“Haro, haro! Yokkata, ne. Rongu time no shee. Okikunatta ne! Hello! Happy to see you. You’ve gotten big, haven’t you!” she rasped in a voice as big as her smile.
I was humbled to think that my dad had grown up with nine siblings in this environment. The family’s childhood stories were filled with love and affection. Even now, fifty years after her death, the mere mention of Baachan Matsumoto brings tears of love to my cousins’ eyes. She was a daily, weekly, monthly reminder of what it means to be good.
She spoke almost no English, but what she taught transcended words. She was so unvarnished, so natural, that she brought out people’s real selves. Walking past the liquor stores, SRO hotels, and pool halls on Center Street, everyone seemed to know her. Her compassion saw past the rough exteriors and drew out the tenderness and hurt in their red-rimmed eyes. As Baachan and I walked to the store, a stubble-faced man blocked the sidewalk in front of us. “Hey Missus! Hey! How’s it going, Missus?” I shrank behind Baachan.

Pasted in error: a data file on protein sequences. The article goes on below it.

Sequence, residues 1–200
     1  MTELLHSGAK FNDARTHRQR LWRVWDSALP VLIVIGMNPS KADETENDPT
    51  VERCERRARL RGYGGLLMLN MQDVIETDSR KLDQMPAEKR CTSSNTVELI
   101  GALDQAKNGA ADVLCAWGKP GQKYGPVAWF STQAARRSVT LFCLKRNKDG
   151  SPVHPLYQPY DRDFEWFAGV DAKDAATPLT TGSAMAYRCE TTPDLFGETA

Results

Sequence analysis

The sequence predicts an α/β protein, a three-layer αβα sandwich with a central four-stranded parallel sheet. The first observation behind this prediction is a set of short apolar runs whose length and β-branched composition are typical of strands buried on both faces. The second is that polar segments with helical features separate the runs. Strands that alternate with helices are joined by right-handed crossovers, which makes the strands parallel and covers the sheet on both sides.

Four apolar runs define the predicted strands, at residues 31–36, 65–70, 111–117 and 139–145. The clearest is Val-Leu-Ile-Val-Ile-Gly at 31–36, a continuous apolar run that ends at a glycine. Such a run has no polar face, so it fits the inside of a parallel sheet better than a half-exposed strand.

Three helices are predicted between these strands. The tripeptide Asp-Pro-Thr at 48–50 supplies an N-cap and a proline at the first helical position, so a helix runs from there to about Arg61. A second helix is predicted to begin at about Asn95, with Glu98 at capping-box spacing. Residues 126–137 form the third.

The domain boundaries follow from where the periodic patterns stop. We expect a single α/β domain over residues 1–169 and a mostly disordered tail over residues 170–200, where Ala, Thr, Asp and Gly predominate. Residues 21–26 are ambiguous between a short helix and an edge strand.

“Ahh, Bru-ran-San, Mr. Brown! Longu time no shee.” She chuckled and bowed, then peered deeply into his eyes. “How you doing? Okeh?
The man shrugged, “Well, you know….” He sighed and squinted at her hopefully, “I’m trying, right?”
Baachan patted his arm. “You good man—good man. When you rememba dat, you be okeh.”